The Convert's Heart is Good to Eat
Review by Hailey Small on The Sundress Blog.
“Melody Gee’s gorgeous poems offer both divine wounds and delicious consolations. At the intersections of the familial and the sacred, The Convert’s Heart is Good to Eat reminds us that what is created is also consumed. Beautiful, sensory, and aching, this collection reminds us that not all hungers are mortal ones.”
– Traci Brimhall, author of Our Lady of the Ruins
“Melody S. Gee’s The Convert’s Heart Is Good to Eat is a book of captivating intensity and precision. This compact collection reveals a talent and range that are rare in recent books of poems by American poets. Deeply evocative, Gee’s lyric meditations on motherhood, being a daughter, and on how one shapes a voice for an adult convert are as necessary as food and water for the living soul.”
– Eugene Gloria, author of Sightseer in this Killing City
“These are gorgeous poems of hunger and grace. Melody S. Gee explores the convert’s relationship with faith and who we become through conversion. She crafts grief and loss into a new kind of knowing, how “a spill will always take a shape, a floating/map of damage.” The Convert’s Heart is Good to Eat is a feast, a welcome arrival, a stellar book to savor and devour.”
– Lee Herrick, author of Scar and Flower
Through the poetry of desire and faith, of motherhood and childhood, Melody S. Gee’s The Convert’s Heart Is Good to Eat offers an unflinching exploration of how the flesh and the spirit suffer wounds and yearn to be healed. These poems create and undo themselves in the most surprising and loveliest of ways. This book will make you believe.
– W. Todd Kaneko, author of This Is How the Bone Sings
“What happens when the call of spirit utterly changes a life? “To be consoled begins with grief,” Melody S. Gee writes, and I think about that prefix, con: how it means “with” in Latin; how Gee’s book is a chronicle of being with: with God, and with parents, children, and the old self, in the light of new faith. I thought too of the word concord—to “heart” with another. How do I walk in concord? This is the primary question of Gee’s moving book.”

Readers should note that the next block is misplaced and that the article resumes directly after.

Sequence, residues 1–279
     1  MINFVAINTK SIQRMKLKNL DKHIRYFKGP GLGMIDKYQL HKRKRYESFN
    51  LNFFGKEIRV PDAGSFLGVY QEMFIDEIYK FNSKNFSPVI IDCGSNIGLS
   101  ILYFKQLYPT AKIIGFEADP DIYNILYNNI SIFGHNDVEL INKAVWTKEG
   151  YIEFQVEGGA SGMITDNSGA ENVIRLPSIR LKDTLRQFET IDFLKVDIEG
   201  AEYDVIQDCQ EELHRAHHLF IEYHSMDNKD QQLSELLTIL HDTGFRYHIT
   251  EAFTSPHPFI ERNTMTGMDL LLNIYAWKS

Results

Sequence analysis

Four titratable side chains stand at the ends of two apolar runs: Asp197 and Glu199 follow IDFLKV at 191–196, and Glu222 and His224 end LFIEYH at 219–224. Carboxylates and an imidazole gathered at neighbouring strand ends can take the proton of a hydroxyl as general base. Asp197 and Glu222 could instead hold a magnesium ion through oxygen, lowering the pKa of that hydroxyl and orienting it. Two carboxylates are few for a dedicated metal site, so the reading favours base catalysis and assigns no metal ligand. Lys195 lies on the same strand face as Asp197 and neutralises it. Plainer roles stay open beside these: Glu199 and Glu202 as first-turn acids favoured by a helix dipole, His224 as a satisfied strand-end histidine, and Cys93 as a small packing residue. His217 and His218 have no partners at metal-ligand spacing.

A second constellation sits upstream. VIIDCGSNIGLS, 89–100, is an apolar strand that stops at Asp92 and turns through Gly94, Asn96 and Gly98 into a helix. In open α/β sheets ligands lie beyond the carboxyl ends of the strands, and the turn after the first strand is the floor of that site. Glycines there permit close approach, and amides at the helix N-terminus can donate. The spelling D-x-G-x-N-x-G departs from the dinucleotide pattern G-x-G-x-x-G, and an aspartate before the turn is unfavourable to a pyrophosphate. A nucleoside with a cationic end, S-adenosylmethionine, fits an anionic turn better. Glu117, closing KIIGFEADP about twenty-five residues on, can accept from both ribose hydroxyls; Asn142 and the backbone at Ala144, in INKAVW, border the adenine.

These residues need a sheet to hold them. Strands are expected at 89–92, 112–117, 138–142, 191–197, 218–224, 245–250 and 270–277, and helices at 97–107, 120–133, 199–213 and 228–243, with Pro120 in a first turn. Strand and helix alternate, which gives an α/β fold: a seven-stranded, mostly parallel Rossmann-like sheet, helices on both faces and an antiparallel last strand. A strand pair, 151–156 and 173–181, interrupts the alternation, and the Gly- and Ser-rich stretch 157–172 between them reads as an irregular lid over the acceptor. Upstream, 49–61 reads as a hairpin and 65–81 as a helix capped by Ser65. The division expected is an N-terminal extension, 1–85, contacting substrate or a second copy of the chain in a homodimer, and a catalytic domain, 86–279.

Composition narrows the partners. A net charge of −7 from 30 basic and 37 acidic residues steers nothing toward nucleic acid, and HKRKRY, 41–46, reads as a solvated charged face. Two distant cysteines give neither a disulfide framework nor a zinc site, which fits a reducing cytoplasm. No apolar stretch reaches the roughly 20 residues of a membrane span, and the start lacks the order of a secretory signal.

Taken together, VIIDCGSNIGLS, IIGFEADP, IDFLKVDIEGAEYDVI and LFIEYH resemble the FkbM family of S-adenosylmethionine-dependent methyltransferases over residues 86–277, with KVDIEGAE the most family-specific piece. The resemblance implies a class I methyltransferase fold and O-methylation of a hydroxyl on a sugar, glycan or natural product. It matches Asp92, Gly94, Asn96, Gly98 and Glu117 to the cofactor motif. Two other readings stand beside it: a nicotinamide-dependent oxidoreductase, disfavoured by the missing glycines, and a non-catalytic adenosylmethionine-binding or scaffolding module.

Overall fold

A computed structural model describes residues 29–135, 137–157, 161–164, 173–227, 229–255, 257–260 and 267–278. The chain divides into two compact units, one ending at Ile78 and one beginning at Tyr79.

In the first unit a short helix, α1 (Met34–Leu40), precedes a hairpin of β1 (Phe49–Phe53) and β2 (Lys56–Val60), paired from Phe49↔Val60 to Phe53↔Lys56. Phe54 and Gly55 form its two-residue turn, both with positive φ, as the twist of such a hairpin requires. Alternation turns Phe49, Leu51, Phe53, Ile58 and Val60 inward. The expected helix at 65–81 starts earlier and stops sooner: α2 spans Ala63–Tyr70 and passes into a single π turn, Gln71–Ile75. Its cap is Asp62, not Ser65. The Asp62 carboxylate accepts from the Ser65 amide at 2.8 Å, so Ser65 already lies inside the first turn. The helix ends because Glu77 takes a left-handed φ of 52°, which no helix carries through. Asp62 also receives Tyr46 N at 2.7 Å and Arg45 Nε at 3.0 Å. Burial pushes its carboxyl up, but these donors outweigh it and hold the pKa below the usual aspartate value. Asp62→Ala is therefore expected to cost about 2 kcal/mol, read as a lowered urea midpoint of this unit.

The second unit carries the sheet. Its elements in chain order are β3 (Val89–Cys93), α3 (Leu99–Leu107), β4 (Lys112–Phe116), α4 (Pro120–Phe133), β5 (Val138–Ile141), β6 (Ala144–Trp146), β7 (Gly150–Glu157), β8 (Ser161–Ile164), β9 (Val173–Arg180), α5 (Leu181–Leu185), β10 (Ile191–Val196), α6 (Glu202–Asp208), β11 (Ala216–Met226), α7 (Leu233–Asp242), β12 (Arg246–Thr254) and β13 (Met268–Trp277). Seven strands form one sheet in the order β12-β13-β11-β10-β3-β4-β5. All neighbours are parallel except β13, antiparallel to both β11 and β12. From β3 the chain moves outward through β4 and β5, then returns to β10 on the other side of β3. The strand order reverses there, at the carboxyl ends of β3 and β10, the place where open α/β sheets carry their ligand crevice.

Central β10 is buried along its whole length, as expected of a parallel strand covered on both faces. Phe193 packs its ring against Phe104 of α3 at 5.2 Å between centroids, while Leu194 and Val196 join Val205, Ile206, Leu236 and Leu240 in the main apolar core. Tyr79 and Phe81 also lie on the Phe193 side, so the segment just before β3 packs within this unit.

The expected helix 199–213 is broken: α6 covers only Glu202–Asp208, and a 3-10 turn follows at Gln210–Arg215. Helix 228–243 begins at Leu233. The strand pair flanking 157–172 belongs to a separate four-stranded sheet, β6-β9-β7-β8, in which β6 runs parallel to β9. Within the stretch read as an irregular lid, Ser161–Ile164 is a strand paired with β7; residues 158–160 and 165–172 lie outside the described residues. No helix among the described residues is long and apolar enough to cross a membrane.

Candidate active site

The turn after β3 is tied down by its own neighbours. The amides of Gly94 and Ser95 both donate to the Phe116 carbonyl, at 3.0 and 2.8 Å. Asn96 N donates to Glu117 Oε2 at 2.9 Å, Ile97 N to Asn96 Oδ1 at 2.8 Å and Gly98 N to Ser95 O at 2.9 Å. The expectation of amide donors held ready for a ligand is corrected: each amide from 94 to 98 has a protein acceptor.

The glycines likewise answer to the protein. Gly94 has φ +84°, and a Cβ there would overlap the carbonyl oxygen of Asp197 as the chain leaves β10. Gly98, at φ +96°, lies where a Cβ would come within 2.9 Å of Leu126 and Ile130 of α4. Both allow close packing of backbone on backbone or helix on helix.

– Dana Levin, author of Now Do You Know Where You Are
The Dead in Daylight
“A fiercely feminine blood runs through these poems. Of wire, of salt, of harvest, of motherhood, of daughterhood, and all that these elements lay claim to. The Dead in Daylight reveals an astonishing voice that is equal parts ferocious and tender. Melody S. Gee’s collection builds a generous fire where origin is praised and where history shines beyond the flame.”
– Tina Chang
“Melody S. Gee’s poems reveal the tethers and the hooks of the past. Beautifully strange and intimate, her language maps the push and pull of motherhood and familial history. A deftly chiseled voice speaks and sings in this book; it’s a voice that’s original and immediate. Striking images attend to both the uncanny and the sublime. In one poem, we’re given ‘a forest of doors.’ In another, the ‘throat shiver of music.’ The Dead in Daylight is one of the best books I’ve read this year.”
-Eduardo C. Corral
The Dead in Daylight named a long-list finalist for the 2016 Julie Suk Award.
Each Crumbling House
“Melody Gee’s Each Crumbling House is a tale of return not marked by triumph, but of a palpable absence. The poems’ speakers “count arrows of exiled/geese” to know not only about what it is to feel cold, but what it is to leave home. There is comfort here, too: in the spaces of longing, an understanding is reached upon the return to homeland. While the speakers are reaching for ways to name the pain of lost histories and lost relatives, “always/a word away from the word,” Melody Gee’s poems are full of the right words, folding and unfolding the way that wings do from the mass clusters of Monarch butterflies wintering in the pines, huddling together for warmth.”
-Oliver de la Paz
“Melody Gee proves to us through her poetry that first-generation Asian American experiences still matter and will always matter. But even more so, her quietly unsettling and powerful book speaks to the whole human experience through its exploration of inheritance. These are haunting poems about culture, nature, and ultimately about love.”